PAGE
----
"If a man has a wayward and defiant son, who does not heed his father or his mother and does not obey them even after they discipline him, his father and mother shall take hold of him and bring him out to the elders of his town at the public place of his community.
"They shall say to the elders of his town, 'This son of ours is disloyal and defiant; he does not heed us. He is a glutton and a drunkard.' Thereupon the men of his town shall stone him to death. Thus you will sweep out evil from your midst; all Israel will hear and be afraid." (Deuteronomy 21:18-21)
Can it be that God truly wants us to execute disobedient children? Modern Jews aren't the only ones who find this law extreme. In the Talmud, in Sanhedrin, the rabbis dealt with the law of the rebellious son with care and deliberation.
First, the Torah says "ben," a word that means son but is frequently understood to mean child. But not here; the Mishnah says a son, but not a daughter. Then we learn that this law cannot apply to a minor, one who is not yet Bar Mitzvah, because he has not yet reached the age of responsibility for the mitzvot and is not subject to punishment.
But because the Torah says "ben," it cannot be referring to a full-grown man who is no longer under his parents' authority. Therefore, the rabbis limit the period during which a child may be declared rebellious to a maximum of three months from the time he becomes Bar Mitzvah.
This still leaves a window during which parents might bring their son to be executed, so the Mishnah continues: The Torah says, "his father and mother," so both parents must be living and both must agree to bring him to the elders; his parents "shall take hold of him," so neither can be missing a hand or a finger; "and bring him," so neither can be an amputee, lame or limping; "They shall say," so neither can be mute; "this son of ours," so neither can be blind; "he does not heed us," so neither can be deaf.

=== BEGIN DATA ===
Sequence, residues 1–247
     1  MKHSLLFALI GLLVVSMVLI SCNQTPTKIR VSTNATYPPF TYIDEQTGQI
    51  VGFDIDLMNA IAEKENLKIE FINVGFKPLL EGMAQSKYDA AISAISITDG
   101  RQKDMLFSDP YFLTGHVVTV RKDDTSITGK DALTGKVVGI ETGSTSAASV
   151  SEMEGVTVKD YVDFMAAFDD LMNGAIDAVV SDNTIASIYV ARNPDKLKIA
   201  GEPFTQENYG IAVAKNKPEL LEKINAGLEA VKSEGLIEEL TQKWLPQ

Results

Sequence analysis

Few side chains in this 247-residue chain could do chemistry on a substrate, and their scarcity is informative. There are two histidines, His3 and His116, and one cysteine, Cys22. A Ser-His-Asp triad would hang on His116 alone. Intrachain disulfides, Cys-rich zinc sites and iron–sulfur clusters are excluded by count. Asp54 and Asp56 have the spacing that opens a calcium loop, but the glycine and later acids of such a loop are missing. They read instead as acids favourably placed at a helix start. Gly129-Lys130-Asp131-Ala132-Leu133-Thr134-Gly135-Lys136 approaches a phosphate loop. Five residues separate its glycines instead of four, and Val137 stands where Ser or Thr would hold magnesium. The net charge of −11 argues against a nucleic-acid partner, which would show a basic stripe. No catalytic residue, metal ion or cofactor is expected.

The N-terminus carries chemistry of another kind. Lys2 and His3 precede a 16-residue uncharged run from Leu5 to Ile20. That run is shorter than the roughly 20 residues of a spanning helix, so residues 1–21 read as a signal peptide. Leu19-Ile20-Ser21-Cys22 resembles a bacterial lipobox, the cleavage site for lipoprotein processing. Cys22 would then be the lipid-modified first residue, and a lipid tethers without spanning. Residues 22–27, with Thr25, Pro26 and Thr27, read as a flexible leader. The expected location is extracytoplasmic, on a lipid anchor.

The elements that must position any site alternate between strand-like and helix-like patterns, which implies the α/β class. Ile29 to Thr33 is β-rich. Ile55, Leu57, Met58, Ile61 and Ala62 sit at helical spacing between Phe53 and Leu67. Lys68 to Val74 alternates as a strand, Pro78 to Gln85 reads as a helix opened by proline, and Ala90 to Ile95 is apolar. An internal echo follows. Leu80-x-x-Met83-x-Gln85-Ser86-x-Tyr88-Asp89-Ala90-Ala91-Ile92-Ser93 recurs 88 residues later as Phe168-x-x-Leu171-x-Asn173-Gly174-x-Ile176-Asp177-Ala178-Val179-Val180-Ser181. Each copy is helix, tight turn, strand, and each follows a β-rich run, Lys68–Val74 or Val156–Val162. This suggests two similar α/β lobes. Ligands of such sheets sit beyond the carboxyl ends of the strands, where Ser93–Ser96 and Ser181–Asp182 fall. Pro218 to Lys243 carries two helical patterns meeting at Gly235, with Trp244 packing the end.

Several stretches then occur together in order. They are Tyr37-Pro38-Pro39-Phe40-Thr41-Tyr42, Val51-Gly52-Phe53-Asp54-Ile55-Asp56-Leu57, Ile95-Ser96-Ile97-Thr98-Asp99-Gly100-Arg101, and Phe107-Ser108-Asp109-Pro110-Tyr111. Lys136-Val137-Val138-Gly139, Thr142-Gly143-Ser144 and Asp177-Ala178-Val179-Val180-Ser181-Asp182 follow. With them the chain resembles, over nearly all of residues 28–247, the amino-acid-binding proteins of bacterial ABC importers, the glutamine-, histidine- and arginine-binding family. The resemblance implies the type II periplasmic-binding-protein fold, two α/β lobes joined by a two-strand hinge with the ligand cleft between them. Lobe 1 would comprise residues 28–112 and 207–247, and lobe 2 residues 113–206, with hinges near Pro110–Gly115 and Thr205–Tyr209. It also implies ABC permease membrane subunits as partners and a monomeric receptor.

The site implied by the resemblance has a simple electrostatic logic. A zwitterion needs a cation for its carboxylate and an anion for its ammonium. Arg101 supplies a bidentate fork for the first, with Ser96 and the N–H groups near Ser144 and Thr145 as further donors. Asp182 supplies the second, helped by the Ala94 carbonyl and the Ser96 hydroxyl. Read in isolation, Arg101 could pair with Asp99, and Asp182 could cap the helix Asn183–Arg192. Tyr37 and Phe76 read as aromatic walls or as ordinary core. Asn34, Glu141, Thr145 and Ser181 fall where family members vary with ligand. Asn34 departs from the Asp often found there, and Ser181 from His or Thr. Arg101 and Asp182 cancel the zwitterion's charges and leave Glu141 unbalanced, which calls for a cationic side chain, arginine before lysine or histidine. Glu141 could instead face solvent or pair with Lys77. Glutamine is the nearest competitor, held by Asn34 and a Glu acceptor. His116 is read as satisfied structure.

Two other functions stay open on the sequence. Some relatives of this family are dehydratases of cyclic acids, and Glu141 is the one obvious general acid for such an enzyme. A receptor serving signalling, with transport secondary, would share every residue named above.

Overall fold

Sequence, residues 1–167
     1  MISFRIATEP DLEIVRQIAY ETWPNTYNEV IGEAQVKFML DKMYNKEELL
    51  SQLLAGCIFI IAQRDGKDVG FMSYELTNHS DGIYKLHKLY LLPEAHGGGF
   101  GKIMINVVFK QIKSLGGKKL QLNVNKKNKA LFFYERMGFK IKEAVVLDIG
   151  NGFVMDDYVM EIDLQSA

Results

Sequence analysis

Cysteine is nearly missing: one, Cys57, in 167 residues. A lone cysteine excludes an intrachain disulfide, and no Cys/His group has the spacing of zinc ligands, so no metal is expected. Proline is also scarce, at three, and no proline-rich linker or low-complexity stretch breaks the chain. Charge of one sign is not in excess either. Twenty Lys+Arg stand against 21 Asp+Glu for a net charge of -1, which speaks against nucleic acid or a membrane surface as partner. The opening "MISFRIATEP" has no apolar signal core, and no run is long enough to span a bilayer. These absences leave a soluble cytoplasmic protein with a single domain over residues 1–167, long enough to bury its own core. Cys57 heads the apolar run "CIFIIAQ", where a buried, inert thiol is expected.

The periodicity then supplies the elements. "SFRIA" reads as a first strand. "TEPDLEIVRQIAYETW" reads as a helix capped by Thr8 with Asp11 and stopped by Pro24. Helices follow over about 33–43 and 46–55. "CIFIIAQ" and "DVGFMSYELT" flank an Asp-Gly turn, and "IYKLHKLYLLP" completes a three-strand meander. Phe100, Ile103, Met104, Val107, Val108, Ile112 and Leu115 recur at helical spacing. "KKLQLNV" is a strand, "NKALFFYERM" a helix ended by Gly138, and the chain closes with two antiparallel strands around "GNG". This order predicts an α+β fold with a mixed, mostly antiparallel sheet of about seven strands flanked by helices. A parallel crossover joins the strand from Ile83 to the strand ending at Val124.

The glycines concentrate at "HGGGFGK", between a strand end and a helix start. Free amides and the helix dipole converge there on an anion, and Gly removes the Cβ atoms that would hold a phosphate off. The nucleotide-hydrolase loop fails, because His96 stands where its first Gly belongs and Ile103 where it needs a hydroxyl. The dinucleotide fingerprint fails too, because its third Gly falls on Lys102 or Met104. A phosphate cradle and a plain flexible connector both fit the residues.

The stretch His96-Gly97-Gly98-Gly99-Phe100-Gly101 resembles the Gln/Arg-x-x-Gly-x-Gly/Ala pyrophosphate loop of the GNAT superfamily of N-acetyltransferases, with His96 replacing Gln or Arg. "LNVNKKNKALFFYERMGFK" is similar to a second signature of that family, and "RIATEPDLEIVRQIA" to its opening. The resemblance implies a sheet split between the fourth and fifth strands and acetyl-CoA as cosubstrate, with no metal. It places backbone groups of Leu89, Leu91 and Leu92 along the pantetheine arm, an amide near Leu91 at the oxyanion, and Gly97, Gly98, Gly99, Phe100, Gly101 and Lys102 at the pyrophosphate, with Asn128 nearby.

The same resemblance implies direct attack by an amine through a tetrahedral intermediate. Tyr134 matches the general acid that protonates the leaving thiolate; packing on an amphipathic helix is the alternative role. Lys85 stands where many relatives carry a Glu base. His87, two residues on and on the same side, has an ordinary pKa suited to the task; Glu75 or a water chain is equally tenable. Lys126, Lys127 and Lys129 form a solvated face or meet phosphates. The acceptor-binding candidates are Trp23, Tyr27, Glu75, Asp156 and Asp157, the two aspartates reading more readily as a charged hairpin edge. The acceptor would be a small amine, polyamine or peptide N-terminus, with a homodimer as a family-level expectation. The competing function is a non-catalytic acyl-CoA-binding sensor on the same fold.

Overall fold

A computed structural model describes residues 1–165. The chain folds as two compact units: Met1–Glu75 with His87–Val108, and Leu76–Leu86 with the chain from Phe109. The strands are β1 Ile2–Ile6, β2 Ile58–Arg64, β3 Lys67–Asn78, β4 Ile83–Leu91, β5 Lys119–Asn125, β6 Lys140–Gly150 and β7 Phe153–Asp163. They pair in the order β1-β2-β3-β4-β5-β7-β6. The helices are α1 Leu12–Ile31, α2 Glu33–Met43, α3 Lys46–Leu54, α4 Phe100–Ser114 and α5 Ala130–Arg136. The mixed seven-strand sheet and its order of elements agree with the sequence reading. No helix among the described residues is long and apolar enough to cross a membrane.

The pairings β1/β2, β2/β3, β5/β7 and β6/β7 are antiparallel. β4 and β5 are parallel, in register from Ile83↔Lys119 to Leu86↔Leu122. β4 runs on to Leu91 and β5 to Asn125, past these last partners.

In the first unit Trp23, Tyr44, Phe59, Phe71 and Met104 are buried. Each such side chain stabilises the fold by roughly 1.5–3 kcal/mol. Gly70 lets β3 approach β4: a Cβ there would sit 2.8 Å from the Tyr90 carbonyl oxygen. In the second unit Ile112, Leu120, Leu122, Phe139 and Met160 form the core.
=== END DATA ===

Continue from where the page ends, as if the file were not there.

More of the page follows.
The Mishnah also says that "if his mother is not fit for his father," the boy cannot be declared rebellious. In the Gemara, Rabbi Yehudah explains that this last statement means that the parents must match up physically — they must sound alike, look alike, be the same height.
By this point, it's hard to imagine that any parents could meet the criteria required. But, just in case someone were to try, the Gemara concludes, "a case of a rebellious son never was and never will be. So why was it written? Study [it] and receive a reward."
Still, if the law of the rebellious son is hypothetical, never intended to be applied, why is it in the Torah? With 612 other mitzvot, we don't need hypothetical laws to promote Torah study. So this law must serve an important purpose. I believe it does.
Even with the best kids in the world, parenting is sometimes incredibly difficult and stressful. And so, at some point, every parent — perhaps when dealing with an infant who won't stop crying, or a toddler who has just discovered the word "no," or a teenager who will only communicate by shrugging and rolling his eyes — every parent has said, "I'm gonna kill that kid," and, at least for a moment, has meant it.
The Torah says, okay, it's normal to feel that way sometimes; that momentary impulse doesn't make you a monster or a horrible parent — and so it lays out a legal procedure to prevent parents from acting on that feeling in the heat of the moment.
The Torah doesn't say, "You must not feel that way." After all, you can't control what pops into your head. But momentary thoughts and feelings have no force. The thought, the desire to do something wrong, isn't a sin — as long as you don't act on it.
The Torah never commands us not to have negative or immoral thoughts or feelings. What it does command us to do is to control them. We don't sin with our feelings, because these are beyond our control. We sin by acting on them, because our actions are within our control. This is the crucial — and comforting — message of the law of the rebellious son.
Rabbi Joyce Newmark has led congregations in Leonia and Lancaster, Pa.